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Forum: Google

Eric Schmidt of Google gave a very interesting talk at PARC. The first half of his talk was about information movements and the second half was anecdotes/information about Google. Schmidt started off with a comparison to electricity: it started off as a big boom, then it became a utility. Similarly, it started off with thousands of companies, and then became very few. Schmidt argues that all big bubbles have followed the model of thousands then few: railroads, auto, dot com. To me at least, this seemed hand-wavy: the auto industry, for example, has a huge parts and support industry around it, and railroad/electricity are inhibited by infrastructure - a company doesn't have to own Internet backbone to produce a product or service.

The funniest anecdote he gave was about the "bias" of Google News. He was giving a talk and someone in the audience asked him what Google's slant was when it displayed articles. Schmidt tried to explain that a computer selected the articles, and thus there was no slant, but the audience member insisted that every news source has a slant. As Schmidt tells the story, he went to the researchers/engineers that were responsible for Google News and asked them if it were possible that Google News had a slant. As it turns out, the researcher that created the program is Indian and put in two biases: (1) International news is favored, and (2) cricket. I had actually noticed (2), because it seemed improbable to me that there would be a cricket sports link everyday on the front page.

Another funny anecdote he had was when he was making a point that cost drives everything. When Google was still at Stanford, they needed to build server casings. What did they use: legos or duplos? Duplos, because they are cheaper.

More stuff below and in the extended comments.

Abstract:
Eric Schmidt, Google Talk
- "Scarcity to Abundance Drives Everthing Tech"

03-06-03.forum.jpg

Notes:
Electricity Comparison
- Big boom, then went to utility economics
- All big bubbles have followed this model
- railroads: thousands of companies, now very few
- auto manufacturers: thousands, now few
- dot com: same
- no more bubbles for IT, "last bubble"
- Google penetration overlays electricity adoption
- All big movements are driven by creating access to information

Next big movement will have to have same qualities
- 802.11 networks?
- Web services not big enough
- small personal devices with petabyte storage?
- Information everywhere: Digital Walls
- DRM will control the next revenue cycle

Anecdotes:
- 20% of queries are mispelled. 2 people at Google developed spelling corrector. 500 ways of spelling Britney Spears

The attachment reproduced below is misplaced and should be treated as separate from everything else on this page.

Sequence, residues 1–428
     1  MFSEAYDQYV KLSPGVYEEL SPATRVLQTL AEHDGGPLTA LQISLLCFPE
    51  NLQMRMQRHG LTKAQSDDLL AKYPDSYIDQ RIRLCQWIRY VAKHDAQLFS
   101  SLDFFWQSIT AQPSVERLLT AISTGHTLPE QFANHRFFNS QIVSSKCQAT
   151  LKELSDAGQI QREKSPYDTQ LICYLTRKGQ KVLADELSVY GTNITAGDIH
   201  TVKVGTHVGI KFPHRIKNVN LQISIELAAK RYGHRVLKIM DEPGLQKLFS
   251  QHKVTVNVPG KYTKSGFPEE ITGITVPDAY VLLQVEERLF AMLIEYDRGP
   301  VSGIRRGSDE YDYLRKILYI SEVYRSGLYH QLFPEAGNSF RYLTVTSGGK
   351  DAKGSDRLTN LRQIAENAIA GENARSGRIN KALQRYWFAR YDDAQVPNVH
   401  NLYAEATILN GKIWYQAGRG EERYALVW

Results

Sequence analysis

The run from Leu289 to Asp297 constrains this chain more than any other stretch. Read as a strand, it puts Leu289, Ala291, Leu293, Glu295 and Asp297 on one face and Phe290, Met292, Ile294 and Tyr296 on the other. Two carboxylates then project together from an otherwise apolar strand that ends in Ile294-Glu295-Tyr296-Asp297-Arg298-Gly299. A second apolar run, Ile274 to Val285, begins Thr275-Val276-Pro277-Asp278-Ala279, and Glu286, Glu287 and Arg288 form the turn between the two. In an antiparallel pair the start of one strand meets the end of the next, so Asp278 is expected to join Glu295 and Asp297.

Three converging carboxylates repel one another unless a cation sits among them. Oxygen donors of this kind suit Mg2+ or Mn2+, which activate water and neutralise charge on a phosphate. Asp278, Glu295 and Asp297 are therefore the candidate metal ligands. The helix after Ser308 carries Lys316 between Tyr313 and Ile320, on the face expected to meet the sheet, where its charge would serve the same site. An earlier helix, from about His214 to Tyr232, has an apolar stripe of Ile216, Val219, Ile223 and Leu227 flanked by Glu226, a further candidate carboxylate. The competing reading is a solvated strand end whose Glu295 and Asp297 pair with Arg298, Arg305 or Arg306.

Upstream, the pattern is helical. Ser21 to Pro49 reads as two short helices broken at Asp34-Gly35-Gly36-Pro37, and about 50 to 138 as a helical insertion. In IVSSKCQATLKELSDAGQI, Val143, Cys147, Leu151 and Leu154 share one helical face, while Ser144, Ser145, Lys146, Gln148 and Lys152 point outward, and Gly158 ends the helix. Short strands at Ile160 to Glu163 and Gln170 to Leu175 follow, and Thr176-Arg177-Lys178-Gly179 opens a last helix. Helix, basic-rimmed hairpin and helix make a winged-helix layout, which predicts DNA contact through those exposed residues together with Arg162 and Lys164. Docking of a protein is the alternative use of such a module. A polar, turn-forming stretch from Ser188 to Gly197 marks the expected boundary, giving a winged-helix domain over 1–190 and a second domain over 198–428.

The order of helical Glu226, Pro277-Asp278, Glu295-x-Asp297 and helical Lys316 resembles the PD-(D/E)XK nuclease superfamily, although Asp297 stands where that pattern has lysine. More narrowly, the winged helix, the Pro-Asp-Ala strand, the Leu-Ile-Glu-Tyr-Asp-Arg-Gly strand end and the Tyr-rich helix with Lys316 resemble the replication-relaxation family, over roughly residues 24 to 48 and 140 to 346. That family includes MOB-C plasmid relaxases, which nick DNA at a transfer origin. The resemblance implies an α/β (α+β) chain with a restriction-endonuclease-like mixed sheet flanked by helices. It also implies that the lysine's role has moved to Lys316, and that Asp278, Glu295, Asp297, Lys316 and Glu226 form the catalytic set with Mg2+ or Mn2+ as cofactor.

Story of Google server farms
- point: cost drives everything, free is better
- started with free servers from Stanford
- used Duplo blocks to build server casing
- used corkboard to prevent fires (disk drives on top of CPU fans)
- small 120V fan for cooling server rack
- caster wheels on servers to allow them to be rolled away from bankrupt data centers

Walking the fine line of personalization
- pushing ads into web sites themselves, match page content
- toolbar
- misuing personal information is evil

Google News' bias
- Audience member in Chicago asked what Google News' bias was
- Two biases: (1) International, (2) Cricket (researcher is Indian)

Bottom-up management
- display a list of projects to engineers and researchers with high, med, low priority assigned to them
- engineers and researchers select the projects they want to work on
- small teams of 3-4 people. google news, froogle both 3-4 person teams
- Schmidt's only role is to "call meetings"

No new innovation coming from corporations, only universities (anymore)
- Schmidt worried about lack of investment in IT/computer research budgets. Budgets flat, while biotech investment rising
- Corporations focused on doing what they did last year
- 22 year-olds without assets are driving innovation

Advertising
- extremely inefficient today
- millions of pop-ups not being click on
- broadcast TV
- old guard worried about new, more relevant advertising

- when PVR use hits 30 million, traditional TV advertising revenue will decline
- PVR market will hit 30 million users in 2006
- Big opportunity for whoever figures out how to come up with new advertising schemes for these users

- Internet demonstrated that there are a lot of weirdos
- Google allows weirdos to advertise to weirdos (e.g. Monkey hats and Bird poop ads)
- Google is a quick way to figure out what advertising works
- only ads that get clicked on are advertised
- End user is the golden goose. Have to make products user-centered.
- Many search engines were advertiser-centered

Founders important in maintaining companies vision
- Keeping companies model from anti-user technology
- don't sell placement
- Relevance and personalization most important goals
- Google not really doing personalization, yet

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This page contains a single entry from kwc blog posted on March 6, 2003 12:18 AM.

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